HOME | ARTISTS AND BANDS | CDS BY TITLE | TOP TEN CDS | TOP TEN IN 2011 | LATEST CDS | ARTIST NEWS | JAZZ GIGS | FEATURED ARTIST | CUSTOMER INFORMATION | CONTACT | ABOUT US

The Journey

Artist: Martin Speake

Date of Release: 01/01/2004

Catalogue no: CD BBJ2025

Label: Black Box

Price: £13.99

Add to Shopping Basket

 

Track Listing

No

 

Title

Duration

1

 

‘The Journey’ – MARTIN SPEAKE

2

 

‘2. JT’s Symmetrical Scale’ – MARTIN SPEAKE

3

 

‘Remember’ – MARTIN SPEAKE

4

 

‘Charukeshi’ – MARTIN SPEAKE

5

 

‘Playing In Todi’ – MARTIN SPEAKE

6

 

‘Still With Me’ – MARTIN SPEAKE

 

 

 

 

THE JOURNEY MARTIN SPEAKE / DHARAMBIR SINGH / SARVAR SABRI
(CD BBJ2025)

This disc represents an exciting fusion of jazz and North Indian classical music

This trio's music was described in the press as “true multi-cultural synthesis”, while The Guardian heralded Speake’s ability as an all-round musician: "Martin Speake is not just a distinctive improviser but a striking composer too".

This disc is essential for all fans of both jazz and world music

 

Reviews

 

01/11/2004 4-stars, Kenny Mathieson, Jazzwise, Nov 2004

“Martin Speake rarely fails to come up with music that is both deeply intriguing and distinctive, and his collaboration with these two Bristish-based Indian musicians is no exception. The fundamental musical language they employ owes more to Indian music than jazz in its structures and practices as well as its overall impression on the listener, but they weave the two streams in wholly satisfying fashion, with no feeling of an artificial crossover or undue forcing of square pegs into round holes. The saxophonist’s characteristic jazz style is very much based on melody and rhythm rather than complex harmony in any case, and as he points out, that lends itself well to the demands of Indian music. The two Indians are equally adept at adjusting to the nuances of Speake’s compositions (two of the six are co-written with the collaborators), and the three combine to carve fresh and attractive music from their joint sources. Indo-jazz fusion has been done many times in a whole range of guises, and this project adds another eminently successful attempt to the roll call. “

 

01/01/2004 John Kelman, Allaboutjazz.com

"Alto saxophonist Martin Speake continues to be an all too well-kept secret in the UK. With a discography that has ranged from the more free-flowing extemporization of The Ta T'ien to the intimate Amazing Grace, from the world music view of Fever Pitch to a unique take on Exploring Standards, Speake's career has been defined by a clear sense of the lyrical that pervades everything he does. And with his work finally appearing on labels with wider distribution, listeners outside of the UK are finally getting the opportunity to find out what British audiences have known for over fifteen years: that Speake is a player who brings his own voice to every project, with an almost voracious appetite for different musical contexts. His latest release, The Journey, documents a trio that Speake has worked with for fifteen years. Teamed with two of England's biggest proponents of Indian music, sitarist Dharambir Singh and tabla/ghatam player Sarvar Sabri, Speake demonstrates yet again that his larger world view makes anything possible.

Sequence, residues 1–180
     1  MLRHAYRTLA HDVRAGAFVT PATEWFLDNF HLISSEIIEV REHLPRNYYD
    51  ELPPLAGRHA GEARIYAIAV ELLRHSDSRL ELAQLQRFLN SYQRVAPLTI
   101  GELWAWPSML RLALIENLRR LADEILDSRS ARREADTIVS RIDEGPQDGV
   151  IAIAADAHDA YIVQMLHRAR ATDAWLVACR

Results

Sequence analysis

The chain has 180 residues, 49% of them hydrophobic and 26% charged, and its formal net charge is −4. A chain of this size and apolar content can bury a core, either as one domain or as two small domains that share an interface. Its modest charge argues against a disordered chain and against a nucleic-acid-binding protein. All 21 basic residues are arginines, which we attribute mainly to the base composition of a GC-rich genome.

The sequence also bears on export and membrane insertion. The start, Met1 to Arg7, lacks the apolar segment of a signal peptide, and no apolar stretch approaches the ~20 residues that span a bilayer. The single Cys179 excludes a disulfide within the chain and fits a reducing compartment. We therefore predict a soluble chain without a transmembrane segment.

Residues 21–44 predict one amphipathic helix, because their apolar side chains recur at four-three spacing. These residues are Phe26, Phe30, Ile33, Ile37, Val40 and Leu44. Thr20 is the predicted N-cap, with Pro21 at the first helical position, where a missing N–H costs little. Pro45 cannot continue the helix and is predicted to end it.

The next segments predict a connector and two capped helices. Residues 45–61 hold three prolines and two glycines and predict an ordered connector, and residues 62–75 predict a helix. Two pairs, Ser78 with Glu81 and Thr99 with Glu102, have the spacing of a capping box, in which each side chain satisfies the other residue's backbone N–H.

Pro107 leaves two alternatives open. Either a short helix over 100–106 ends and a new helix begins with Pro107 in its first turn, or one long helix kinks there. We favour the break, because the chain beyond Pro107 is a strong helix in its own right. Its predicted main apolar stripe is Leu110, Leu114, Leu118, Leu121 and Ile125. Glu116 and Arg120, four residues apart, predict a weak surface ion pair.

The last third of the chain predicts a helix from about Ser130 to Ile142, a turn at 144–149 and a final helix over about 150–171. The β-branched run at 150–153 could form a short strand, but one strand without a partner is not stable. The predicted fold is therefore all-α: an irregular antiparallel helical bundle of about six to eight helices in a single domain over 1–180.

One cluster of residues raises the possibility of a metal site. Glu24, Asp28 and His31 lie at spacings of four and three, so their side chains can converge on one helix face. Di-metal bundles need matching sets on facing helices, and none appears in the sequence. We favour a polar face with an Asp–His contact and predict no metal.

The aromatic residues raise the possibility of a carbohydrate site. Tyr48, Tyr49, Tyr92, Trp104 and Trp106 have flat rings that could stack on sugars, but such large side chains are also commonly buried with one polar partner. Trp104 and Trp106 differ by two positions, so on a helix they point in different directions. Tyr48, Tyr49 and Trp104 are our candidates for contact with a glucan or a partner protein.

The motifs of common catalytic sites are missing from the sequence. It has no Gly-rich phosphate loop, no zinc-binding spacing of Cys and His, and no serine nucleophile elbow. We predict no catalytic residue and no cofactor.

With compositions that owe much to the classical Indian tradition, Speake and the trio manage to create something much more than just a Westerner dabbling in things Eastern or vice versa. Speake clearly understands the form and stays with the concept of chordal stasis, exploring instead the possibilities of melody and rhythm, with Western modal improvisation being the closest reference point. Singh and Sabri, on the other hand, broaden their vision and incorporate harmonies that, while feeling authentically of the Indian tradition, are clearly not. One example is “JT's Symmetrical Scale,” which Speake has recorded more than once before, based on a scale common to pianist John Taylor's music. It has an eastern tinge, but with its alternating minor third and half-step, it requires Singh to alter the tuning of his instrument.

The overall complexion of the recording is trance-like and deeply spiritual. Only on the group improvisation “Playing in Todi” do things heat up. True to the raga form, Speake, Singh and Sabri take their time to explore the variations that a single scale can provide. And what is remarkable is how, as is the case in the best traditional Indian music, the musicians maintain interest on extended pieces, saying so much with so little. The hypnotic nature of the longer pieces on the record, including the nineteen-minute title track, have a way of bending time; pieces seem to flow from one to the next, feeling on one hand timeless, on the other hand over all too soon.

Throughout the record the trio feel tightly connected, with Speake and Singh empathic in the way that they range from personal solo flights to call-and-response to, seemingly out of nowhere, merging into tight unison. The Journey represents a true meeting of cultures. Sabri says it best: “This recording is not Indian music nor is it jazz. This is modern Britain.”

 

register | login

 

Shopping Basket

basket: 0 items (click to modify)

Total : £0.00

FREE SHIPPING WORLDWIDE

Once you have chosen your CD you can either buy online using a credit/debit card or pay by cheque if you prefer.
All cards are processed on a secure server with Thawte authentication
We accept Visa, Visa Debit, Mastercard, Switch, Solo, JCB

In a hurry? Hate filling in forms? Worried about the internet? Need help? Call us on 020 7724 2389

 

 

 

 

 

Church Hill FarmBEAUTIFUL HOLIDAY RENTAL IN THE WYE VALLEY
www.churchillfarm.co.uk